EL DORADO COUNTY, Calif. (KTXL) — Firefighters are now focusing their efforts on stopping the Caldor Fire from advancing across Highway 50 toward South Lake Tahoe after weather conditions changed from Monday when the fire only made moderate progress.
“The fire’s going to be active today,” said Capt. Keith Wade with the Sacramento Fire Department. “We’re focusing our attention to the eastern front, the eastern edge of this fire.”
That’s because the fire is headed toward Echo Summit, which drops down into the Lake Tahoe Basin. It still had 14 miles to travel as of Tuesday night, and the area has a lot of granite outcroppings and ravines where there is very little to burn.
“Years ago, I would have never thought that we’d be having Tahoe as a threat,” Wade explained. “Over the last couple of years, now we’re starting to realize that anything’s possible.”
Especially because so-called ember casts, burning debris carried by the wind, can hop a mile ahead of a fire, finding dry fuel along the way.
The threat to Lake Tahoe meant more federal firefighters were deployed along Highway 50. More than 2,100 firefighters were on the ground Tuesday working on containment lines and in the air, trying to stop the fire’s spread. Among their jobs was protecting evacuated homes from burning, as well as key powerlines and communication lines.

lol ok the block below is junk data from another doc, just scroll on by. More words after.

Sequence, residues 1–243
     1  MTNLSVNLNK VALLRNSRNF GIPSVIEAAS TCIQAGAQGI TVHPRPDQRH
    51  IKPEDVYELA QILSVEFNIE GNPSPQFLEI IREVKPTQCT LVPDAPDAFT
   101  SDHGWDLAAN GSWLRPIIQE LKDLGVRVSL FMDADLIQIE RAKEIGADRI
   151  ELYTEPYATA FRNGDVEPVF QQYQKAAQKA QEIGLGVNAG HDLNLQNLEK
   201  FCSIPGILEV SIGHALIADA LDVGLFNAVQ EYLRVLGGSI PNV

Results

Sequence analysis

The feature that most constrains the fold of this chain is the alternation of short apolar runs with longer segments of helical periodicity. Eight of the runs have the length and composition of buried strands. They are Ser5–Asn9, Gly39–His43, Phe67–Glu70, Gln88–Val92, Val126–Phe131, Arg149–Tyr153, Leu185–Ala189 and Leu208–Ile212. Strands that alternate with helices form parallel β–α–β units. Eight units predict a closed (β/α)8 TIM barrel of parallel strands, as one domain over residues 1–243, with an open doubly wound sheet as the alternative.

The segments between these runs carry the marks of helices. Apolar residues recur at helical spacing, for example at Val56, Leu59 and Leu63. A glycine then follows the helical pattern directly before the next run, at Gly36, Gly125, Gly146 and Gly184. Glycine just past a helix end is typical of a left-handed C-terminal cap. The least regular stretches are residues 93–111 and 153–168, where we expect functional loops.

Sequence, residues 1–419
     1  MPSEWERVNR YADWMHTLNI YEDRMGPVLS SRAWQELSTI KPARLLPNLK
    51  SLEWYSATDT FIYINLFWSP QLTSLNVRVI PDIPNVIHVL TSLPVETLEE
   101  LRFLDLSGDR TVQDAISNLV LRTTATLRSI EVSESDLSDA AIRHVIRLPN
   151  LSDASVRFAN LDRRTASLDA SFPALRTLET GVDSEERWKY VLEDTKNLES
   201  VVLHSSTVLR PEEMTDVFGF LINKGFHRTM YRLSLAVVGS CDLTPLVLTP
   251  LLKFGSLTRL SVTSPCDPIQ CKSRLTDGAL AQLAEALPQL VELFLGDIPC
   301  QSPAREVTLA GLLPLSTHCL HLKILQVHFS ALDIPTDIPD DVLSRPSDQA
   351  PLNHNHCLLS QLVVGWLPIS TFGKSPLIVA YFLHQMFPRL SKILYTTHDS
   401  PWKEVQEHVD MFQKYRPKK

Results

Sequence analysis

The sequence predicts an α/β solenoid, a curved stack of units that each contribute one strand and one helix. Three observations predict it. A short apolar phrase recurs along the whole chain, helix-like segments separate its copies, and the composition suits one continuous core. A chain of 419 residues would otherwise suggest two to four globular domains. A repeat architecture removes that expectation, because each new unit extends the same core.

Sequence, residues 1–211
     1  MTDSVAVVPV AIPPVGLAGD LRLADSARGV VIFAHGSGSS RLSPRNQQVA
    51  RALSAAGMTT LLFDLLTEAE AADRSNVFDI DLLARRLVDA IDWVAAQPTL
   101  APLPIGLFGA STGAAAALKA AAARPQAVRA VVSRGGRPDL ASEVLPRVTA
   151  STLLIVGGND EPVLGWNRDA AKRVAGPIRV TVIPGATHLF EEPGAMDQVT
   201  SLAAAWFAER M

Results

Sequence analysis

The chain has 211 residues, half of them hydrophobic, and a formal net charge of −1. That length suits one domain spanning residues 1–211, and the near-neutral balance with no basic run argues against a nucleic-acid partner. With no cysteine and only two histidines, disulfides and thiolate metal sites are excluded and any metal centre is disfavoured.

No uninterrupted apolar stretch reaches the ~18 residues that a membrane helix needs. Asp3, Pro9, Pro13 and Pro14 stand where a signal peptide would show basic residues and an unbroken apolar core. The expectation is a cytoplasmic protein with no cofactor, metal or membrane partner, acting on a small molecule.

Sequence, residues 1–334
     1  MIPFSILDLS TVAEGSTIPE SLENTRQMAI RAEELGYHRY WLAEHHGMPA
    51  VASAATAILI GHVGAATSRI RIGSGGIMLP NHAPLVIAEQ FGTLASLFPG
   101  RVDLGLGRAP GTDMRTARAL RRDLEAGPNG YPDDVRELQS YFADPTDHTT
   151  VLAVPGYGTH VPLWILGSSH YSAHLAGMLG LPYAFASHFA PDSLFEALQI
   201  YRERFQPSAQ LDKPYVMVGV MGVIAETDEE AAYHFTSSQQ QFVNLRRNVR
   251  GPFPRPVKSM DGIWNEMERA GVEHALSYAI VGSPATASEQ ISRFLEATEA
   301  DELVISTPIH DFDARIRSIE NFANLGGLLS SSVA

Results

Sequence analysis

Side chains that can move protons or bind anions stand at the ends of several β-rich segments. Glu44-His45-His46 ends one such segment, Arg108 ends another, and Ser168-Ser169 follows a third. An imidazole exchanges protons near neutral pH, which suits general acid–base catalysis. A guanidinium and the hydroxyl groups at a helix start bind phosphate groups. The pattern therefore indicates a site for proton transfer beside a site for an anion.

The steep canyon directing the South Fork of the American River is capable of creating its own microclimate. Mild breezes down below are greatly intensified in mountain canyons. On the South Fork, wind gusts affect fire behavior, making flames rush quicker toward Highway 50.
Tuesday, several spot fires were ignited along the steep canyon walls, and firefighters could do little but watch. The flames could either burn themselves out or create a whole new fire.
The steep terrain has so far hampered firefighters’ efforts as the fire moves toward Echo Summit.
“There’s a lot of granite and a lot of other natural fire barriers that we’re going to be able to count on to help limit fire spread,” Wade said.
A few miles south of Kyburz, the flames reached the banks of the South Fork of the American River, with Highway 50 just 50 yards away. Firefighters had hoped the highway would act as a firebreak, but the likelihood of that is still uncertain.
Meanwhile, as the overwhelming smoke continues to build, Tahoe residents can only watch as it invades their area.
“We understand their concern. We’re standing here in the smoke. If I lived here, I’d go, ‘What the heck is going on.'” Wade said. “We’re here to let this community know, we’re putting up a good fight. We’re getting good containment lines around this. We’re starting to see those percentages tick up. And I think we’re gonna see more progress in the next few days.”
More than 3,000 people – many concerned about the Caldor Fire reaching the Tahoe Basin – tuned in to the Cal Fire community meeting Tuesday night to learn the latest developments.
Information boards with fire maps are posted around South Lake Tahoe, helping to keep residents informed.
“Half the community is a little worried that it’s going to make it over,” said Stateline resident John Peterson. “The other half, been here a long time. They know it’s gonna be tough to get over that granite ridge there.”